The Chumuckla Opry House has long been the place to be on Saturday night for pickin’ and grinnin’ and everything in between.

But on Saturday, The Opry House was known for just one thing, and that was a place that many people would miss.

That’s because the entertainment venue just south of Jay closed its door Saturday after over a decade of entertainment. The decision was made by Sandy Wyatt, the owner of The Opry House.

“It was a big disappointment,” said Madeline Brunty, an RV’er said about the closure on Saturday. “It’s a pleasure to come here and listen to the music and eat their food.

“We’re gonna miss it.”

Brunty, who is from Panama City said this was her third year in a row she had come to the Classic Country Music Festival, which was held last Thursday, Friday and Saturday.

“You don’t get anybody nicer than Sandy (Wyatt) and his family,” Brunty said. “This is a really good place, and you don’t get anybody better than them.”

Wyatt, who was pickin’ on stage throughout the festival, said he sold the building to Living Truth Church, who for years had been meeting at Pace High School for their services.

“I’ve enjoyed it,” Wyatt said. “I’m just getting up there in age, and I’ve been doing it for a long time…I’m worn out.”

Wyatt, who is the president of Southland Homebuilders, a home construction business in Pace said working at both jobs has worn him out, but made him realize that people were going to miss his business.

People like John Rawls of Monroeville, Ala. who makes it a priority to make it to The Opry House one to two times a month.

“I recently heard about it (the closure),” Rawls said. “The music and the dinners and the country cooking, that’s what I’m going to miss.”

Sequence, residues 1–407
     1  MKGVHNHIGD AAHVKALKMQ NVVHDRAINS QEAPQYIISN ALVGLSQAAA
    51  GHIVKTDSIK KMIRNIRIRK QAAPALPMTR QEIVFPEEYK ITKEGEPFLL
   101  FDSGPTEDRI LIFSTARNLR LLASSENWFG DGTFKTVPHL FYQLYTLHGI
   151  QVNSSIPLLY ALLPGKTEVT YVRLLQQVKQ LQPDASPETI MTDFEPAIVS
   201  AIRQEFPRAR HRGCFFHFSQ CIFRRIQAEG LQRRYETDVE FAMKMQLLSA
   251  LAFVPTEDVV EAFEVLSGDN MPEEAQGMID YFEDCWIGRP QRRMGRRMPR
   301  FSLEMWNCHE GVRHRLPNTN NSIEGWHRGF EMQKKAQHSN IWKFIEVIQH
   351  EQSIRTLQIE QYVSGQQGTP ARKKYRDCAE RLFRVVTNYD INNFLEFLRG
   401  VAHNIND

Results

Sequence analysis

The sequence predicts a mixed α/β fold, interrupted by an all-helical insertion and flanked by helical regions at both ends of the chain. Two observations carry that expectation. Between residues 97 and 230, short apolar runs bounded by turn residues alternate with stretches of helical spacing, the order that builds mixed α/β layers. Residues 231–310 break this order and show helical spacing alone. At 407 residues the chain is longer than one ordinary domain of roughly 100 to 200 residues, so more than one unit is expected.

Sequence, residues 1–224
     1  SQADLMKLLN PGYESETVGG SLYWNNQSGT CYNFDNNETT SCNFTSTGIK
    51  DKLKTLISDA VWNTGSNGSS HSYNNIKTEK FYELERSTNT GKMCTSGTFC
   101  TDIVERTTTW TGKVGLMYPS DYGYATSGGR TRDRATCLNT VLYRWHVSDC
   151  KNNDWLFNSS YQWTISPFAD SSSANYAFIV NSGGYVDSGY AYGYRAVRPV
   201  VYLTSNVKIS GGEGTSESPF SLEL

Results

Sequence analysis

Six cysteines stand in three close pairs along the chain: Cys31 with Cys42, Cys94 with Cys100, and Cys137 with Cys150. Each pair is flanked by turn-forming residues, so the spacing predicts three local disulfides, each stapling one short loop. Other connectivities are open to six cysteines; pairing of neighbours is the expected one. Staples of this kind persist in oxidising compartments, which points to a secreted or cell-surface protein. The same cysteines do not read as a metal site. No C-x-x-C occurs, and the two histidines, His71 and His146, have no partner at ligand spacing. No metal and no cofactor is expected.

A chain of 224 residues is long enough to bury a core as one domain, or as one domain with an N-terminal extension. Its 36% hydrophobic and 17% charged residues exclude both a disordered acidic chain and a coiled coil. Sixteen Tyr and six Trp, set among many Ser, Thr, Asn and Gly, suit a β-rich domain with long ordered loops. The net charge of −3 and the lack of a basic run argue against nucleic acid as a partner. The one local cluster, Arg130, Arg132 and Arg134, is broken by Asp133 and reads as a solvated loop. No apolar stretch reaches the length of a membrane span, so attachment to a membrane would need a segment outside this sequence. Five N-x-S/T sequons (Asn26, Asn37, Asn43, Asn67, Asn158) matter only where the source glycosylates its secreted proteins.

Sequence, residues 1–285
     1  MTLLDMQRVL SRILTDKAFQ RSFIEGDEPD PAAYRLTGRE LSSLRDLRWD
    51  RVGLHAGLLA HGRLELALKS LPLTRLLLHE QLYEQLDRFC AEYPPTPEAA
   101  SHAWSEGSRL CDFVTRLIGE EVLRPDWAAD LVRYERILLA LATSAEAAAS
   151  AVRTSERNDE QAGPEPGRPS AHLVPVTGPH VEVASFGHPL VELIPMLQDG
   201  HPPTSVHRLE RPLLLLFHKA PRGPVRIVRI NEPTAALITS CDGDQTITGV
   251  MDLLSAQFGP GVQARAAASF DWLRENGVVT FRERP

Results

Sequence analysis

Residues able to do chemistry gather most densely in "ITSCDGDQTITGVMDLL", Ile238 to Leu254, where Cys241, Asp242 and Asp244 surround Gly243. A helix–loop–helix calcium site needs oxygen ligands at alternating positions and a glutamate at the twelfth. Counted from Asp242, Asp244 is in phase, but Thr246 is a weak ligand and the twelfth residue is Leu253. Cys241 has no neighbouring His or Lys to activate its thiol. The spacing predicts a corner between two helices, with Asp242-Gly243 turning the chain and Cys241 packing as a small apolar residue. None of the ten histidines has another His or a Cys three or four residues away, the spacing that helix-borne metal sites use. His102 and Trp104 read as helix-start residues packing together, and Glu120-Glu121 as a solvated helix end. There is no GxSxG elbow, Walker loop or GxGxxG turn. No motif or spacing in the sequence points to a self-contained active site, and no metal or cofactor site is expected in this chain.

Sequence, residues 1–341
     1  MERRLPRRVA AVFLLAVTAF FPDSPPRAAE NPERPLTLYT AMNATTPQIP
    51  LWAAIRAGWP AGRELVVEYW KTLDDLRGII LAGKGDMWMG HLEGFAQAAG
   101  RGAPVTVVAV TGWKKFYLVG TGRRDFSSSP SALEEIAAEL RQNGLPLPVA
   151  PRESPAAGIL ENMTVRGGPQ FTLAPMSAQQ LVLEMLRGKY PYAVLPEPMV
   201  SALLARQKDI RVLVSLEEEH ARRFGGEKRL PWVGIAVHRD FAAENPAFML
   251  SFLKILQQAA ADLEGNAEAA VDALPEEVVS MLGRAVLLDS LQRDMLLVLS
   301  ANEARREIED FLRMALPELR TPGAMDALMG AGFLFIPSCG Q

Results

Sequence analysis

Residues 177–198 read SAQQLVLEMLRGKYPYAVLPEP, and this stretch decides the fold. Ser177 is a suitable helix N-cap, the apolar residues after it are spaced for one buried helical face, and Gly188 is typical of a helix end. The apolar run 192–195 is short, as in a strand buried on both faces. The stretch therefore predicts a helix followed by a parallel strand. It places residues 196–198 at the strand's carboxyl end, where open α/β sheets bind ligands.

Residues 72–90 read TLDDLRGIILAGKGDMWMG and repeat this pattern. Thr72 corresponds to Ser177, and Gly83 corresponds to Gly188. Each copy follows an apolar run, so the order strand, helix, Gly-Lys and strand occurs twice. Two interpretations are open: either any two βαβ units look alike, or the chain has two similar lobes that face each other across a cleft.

Bobby Eply Sr., who has lived in Milton for 11 years, said he understands why Wyatt has decided to close.

“Yeah, it’s a shock, but I can see why,” Eply said. “He (Wyatt) has been working seven days a week for 10 or 11 years.”

When asked what he would do once The Opry House closed for regular performances, Eply said he would have to find another hangout.

“I’ll just have to find another Opry House,” Eply said.

The Milton resident said that he and his wife of 54 years love the country hangout, but said no one should blame Wyatt for the decision.

“It’s upsetting, but it’s not his fault,” Eply said. “They’ve been doing it for 11 years and they have their day jobs too.”

For others like Carl Holloway of Geneva, Ala., the venue is a good place for him to get away for the weekend. The two-hour drive did not stop him from coming to the Classic Country Music Festival.

“It’s a good family place to go,” Holloway said.

Tom Patterson, who came out for the car show on Saturday at The Opry House agreed with Wyatt and his decision.

“Old man time has caught up with him,” Wyatt said. “I know a lot of people are upset, but you can’t blame him.”

Wyatt said that he would still like to host bigger country music events at the venue in the future. Right now, all of his efforts are being turned away from regular performances.

Wyatt won The Presidents’ Award from the Santa Rosa County Chamber of Commerce in 2007 for his hard work. The plaque still hangs on the wall near the entrance to the dining hall.

“I will miss it,” he said.